It is easy to rationalize allocation rules by thinking that connections with a company that “cause” emissions should result in those emissions being allocated to the company. However, I argue that we should consciously avoid justifying allocation rules with such causal thinking. First, doing so is unnecessary to resolve inventory allocation questions. Second, doing so problematically introduces consequential thinking (i.e., how did action A influence action B) into allocational methods. The subjects for physical allocational GHG accounting are entities or objects (e.g., companies, organizations, cities, countries). While the subjects for physical consequential GHG accounting are actions, which we refer to as interventions. Although actions are taken by entities, it is not an entity that is the subject of the accounting when applying consequential methods. For example, a company does not cause emissions simply by existing. A company’s actions, such as the use of its assets, cause emissions. This point may seem unnecessarily metaphysical, but it is critical that we establish distinct rationales for boundary setting and allocation rules for consequential and allocational methods. Many of the errors in GHG accounting relate to the conflation of consequential and allocational thinking and methods (e.g., applying marginal emission factors to a GHG inventory).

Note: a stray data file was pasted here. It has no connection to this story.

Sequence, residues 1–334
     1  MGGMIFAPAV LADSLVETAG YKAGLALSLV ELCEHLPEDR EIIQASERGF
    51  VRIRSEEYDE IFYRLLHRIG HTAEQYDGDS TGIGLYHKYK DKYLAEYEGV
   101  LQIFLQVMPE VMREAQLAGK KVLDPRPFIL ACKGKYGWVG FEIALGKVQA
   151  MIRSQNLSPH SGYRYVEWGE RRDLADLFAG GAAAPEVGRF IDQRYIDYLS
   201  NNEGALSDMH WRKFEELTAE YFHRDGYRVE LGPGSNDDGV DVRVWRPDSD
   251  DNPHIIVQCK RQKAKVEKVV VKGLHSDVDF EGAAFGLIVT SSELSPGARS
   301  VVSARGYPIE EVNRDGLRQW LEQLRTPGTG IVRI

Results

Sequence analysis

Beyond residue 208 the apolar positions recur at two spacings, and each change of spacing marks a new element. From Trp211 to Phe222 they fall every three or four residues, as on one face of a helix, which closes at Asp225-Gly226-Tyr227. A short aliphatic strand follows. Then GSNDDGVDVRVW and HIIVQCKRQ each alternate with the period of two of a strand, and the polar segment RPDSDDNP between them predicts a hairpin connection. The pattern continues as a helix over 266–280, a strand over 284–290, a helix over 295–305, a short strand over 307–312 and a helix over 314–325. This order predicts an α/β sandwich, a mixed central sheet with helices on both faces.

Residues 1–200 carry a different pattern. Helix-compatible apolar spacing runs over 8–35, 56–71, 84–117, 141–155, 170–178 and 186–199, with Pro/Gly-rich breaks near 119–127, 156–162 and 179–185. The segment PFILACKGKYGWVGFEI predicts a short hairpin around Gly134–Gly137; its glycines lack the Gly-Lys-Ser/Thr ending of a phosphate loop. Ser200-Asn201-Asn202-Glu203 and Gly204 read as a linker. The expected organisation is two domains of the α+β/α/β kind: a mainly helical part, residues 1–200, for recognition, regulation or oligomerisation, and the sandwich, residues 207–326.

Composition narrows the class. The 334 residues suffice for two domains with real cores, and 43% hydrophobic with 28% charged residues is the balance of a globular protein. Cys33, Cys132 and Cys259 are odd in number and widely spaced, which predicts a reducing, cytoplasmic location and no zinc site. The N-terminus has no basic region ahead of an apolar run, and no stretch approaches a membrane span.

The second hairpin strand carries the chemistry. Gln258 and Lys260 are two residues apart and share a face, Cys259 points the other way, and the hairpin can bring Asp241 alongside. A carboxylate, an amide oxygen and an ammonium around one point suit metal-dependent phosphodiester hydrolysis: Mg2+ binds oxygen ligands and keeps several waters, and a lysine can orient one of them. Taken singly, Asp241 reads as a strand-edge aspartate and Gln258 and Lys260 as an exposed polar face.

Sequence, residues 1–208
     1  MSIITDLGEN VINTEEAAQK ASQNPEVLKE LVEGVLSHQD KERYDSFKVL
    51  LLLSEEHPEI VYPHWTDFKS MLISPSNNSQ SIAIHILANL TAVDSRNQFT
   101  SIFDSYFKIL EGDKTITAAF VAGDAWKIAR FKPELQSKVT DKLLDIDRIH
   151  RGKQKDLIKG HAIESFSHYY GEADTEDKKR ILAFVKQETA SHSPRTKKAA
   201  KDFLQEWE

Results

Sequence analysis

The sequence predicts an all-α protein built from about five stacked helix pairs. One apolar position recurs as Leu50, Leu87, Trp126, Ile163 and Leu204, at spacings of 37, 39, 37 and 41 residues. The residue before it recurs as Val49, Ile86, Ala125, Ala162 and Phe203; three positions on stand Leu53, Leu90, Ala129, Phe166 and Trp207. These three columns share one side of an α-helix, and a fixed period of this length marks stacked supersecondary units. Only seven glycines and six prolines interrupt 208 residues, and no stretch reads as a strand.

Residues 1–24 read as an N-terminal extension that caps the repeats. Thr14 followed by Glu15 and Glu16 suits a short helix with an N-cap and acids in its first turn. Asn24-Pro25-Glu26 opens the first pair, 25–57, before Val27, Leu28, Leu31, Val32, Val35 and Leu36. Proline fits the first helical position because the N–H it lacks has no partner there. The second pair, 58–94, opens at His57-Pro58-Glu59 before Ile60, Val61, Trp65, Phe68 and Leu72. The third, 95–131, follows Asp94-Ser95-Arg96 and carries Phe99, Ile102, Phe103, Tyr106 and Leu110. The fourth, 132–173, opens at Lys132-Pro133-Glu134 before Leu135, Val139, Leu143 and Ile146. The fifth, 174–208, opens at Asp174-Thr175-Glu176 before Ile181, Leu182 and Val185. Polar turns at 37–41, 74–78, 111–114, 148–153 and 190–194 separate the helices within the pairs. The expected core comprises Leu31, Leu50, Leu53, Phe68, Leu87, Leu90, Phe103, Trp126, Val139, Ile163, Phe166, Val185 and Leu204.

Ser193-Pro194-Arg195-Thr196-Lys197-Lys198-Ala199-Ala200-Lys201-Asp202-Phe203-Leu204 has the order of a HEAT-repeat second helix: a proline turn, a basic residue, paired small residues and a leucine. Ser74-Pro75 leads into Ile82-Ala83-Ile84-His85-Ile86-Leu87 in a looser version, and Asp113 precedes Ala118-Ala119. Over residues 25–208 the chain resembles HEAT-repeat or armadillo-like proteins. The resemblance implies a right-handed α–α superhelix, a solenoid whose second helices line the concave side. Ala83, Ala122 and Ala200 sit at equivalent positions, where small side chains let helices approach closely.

So, is my argument that the use of financial data should be entirely forbidden in physical allocational GHG accounting? No. However, the use of financial data in GHG inventories should only be justified in cases where physical flow data is unavailable or of relatively poorer quality than the best available proxy data for estimating those physical flows. In some cases, the best available proxy data may be in the form of financial data. In such cases, financial data may be used, but only to approximate data on physical flows—not as the underlying basis for allocation.
Requiring a physical connection for allocation in physical GHG accounting, however, does not fully answer the indirect emissions allocation question. It is a necessary but insufficient rule because physical connections to a company can potentially go on without limit. Ultimately, if mapped through enough degrees of separation, everything in the physical world can be shown to be physically connected to everything else. In the context of corporate Scope 3 emissions, a physical connection will not uniquely determine how to allocate indirect emissions across companies in a supply chain. Nor will it address the question of whether the allocation of emissions should be exclusive or non-exclusive. Once the physical connection requirement is met, then a range of allocation rules would be acceptable and selected in keeping with the intended function and application of the reported data estimated using a physical allocational GHG accounting method (see Installment N.2). To illustrate, we will be developing examples for some industrial sectors in the coming months.